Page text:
Feingold is unquestionably intelligent, but I have to say Bill Clinton and Al Gore would certainly rival him in that department. I also have to say that I disagree with Feingold's vote to confirm Ashcroft and support for a balanced budget amendment (something I also differed with Paul Simon on despite loving him). But one thing I learned working on Capitol Hill is that outside yourself, there is no politician with a perfect set of positions on the issues. EVERY one of them has SOME issue you're going to think they're wrong on. But if that's all you don't like about them, they're in the top tier possible, as close to perfect as you're going to get. You're better off getting excited about excellence than holding out for perfection.

I think Feingold is a more passionate and charismatic speaker than Dean. Dean showed exactly that he wasn't a real populist and didn't really know how to do it with his infamous Iowa concession speech (boy, do I feel bad for Harkin having to stand behind him on camera). Governors govern, senators speak. Feingold's been doing that for 13 years on the Senate floor, plus a few years in the WI Senate before that. Feingold is a real populist and a more effective speaker and debater than Dean. I definitely think the small dollar, online, grassroots funding spigot is open to him. The Nation, truthout, Alternet,, DFA, Michael Moore--they would all be far more enthusiastic about Feingold than any other candidate. They would help him raise a lot of money.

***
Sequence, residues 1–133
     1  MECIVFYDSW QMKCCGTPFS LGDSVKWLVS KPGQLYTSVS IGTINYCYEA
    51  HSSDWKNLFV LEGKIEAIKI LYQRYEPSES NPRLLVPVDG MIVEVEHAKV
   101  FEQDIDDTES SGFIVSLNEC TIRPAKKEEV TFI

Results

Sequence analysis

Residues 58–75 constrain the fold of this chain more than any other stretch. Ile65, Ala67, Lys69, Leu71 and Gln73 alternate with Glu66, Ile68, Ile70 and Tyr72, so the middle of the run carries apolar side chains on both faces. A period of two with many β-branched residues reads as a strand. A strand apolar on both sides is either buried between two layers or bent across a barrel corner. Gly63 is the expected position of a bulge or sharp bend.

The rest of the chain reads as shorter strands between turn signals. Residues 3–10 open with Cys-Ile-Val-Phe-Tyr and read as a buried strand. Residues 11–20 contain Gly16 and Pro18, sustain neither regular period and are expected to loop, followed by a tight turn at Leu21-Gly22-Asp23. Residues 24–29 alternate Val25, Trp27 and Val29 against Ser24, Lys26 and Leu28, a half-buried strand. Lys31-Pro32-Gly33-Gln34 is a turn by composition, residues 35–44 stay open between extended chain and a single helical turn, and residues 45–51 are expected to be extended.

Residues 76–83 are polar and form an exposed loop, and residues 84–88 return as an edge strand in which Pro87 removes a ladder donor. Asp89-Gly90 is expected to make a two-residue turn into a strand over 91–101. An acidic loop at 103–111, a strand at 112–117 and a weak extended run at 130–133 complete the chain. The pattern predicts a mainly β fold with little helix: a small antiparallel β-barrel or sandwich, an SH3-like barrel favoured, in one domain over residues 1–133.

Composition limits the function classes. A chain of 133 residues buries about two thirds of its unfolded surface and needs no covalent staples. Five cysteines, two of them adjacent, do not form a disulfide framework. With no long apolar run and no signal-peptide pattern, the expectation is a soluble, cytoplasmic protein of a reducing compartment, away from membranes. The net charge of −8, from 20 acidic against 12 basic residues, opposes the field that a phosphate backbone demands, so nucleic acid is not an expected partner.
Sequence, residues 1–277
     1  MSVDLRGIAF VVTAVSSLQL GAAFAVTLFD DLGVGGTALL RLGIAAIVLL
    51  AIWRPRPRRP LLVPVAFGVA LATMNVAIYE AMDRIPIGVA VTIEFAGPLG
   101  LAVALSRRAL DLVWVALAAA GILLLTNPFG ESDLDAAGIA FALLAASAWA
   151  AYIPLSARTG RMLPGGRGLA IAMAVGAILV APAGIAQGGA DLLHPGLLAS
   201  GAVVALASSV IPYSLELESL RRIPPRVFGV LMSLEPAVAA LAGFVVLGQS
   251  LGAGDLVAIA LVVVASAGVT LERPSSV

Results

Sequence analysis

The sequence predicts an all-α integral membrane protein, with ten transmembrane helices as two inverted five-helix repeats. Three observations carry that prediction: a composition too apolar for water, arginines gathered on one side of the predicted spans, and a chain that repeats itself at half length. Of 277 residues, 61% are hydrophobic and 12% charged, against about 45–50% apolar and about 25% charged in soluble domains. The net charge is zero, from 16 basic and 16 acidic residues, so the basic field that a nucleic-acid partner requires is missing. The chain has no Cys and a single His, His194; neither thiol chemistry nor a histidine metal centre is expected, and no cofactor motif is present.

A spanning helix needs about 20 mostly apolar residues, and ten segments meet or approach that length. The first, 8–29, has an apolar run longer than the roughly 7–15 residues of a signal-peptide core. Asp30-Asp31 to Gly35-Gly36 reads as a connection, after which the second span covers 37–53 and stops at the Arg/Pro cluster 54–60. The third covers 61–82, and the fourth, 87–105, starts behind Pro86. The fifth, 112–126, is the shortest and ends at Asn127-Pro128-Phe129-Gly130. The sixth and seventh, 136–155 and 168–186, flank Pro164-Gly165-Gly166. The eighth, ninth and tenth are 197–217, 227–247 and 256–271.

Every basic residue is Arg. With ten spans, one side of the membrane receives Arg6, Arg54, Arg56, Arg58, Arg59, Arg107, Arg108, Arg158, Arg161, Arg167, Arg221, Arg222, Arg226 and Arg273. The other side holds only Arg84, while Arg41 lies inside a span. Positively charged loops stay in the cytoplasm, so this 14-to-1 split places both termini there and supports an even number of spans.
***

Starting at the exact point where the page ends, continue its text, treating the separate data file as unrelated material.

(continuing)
My rule of thumb is to support the candidate who best represents my views in the primary, but support the Democratic nominee in the general whoever that turns out to be. Of the potential candidates we're looking at right now, there's no question I have to go with Feingold.

I think a McCain-Feingold race would be unusually serious and honourable. I think it would give Americans a level of discourse a notch higher than they're used to, without the soulless attack ads and insulting sound bites, and make us all prouder of our country and system, and maybe restore some people's belief in them. That's a presidential race I'd really love to see.

Posted by: Sandwich Repairman | December 21, 2005 12:58 AM | Report abuse

"Deserve? Deserve's got nothing to do with it. (name that Eastwood movie)"

If I get it wrong, will I be "Unforgiven?"

Posted by: scootmandubious | December 20, 2005 10:34 PM | Report abuse

Check a recent poll, my whistful friends, then rethink the weight you place on "policy platforms."

51 percent of Americans do not believe in evolution and that humans were created by God as described in the bible.
No offense, honestly, because I imagine that you're well-intentioned, but ... take your head out of the sand and take a deep breath of America.

Deserve? Deserve's got nothing to do with it. (name that Eastwood movie)

Posted by: Marty | December 20, 2005 8:52 PM | Report abuse

The issue is not about being Jewish or divorced, it is about being liberal. It's liberalism that has been demonized. Understand that according to this script Republicans are for the "little guy." Democrats are for the "big guy" those with advanced graduate degrees. Not those who benefit from Halliburton Contracts like Cheney or from his father's contacts like W. Decent guys like Feingold don't have a chance as long as big money rules politics. The implication of this is that the House of Representatives be replaced by a Representative House chosen by lottery. Then Tom Delay, Denny Hastert, will be a thing of the past. And folks, like you and me, "reluctant leaders" will take over, a definite improvement.

Posted by: Jeff | December 20, 2005 8:49 PM | Report abuse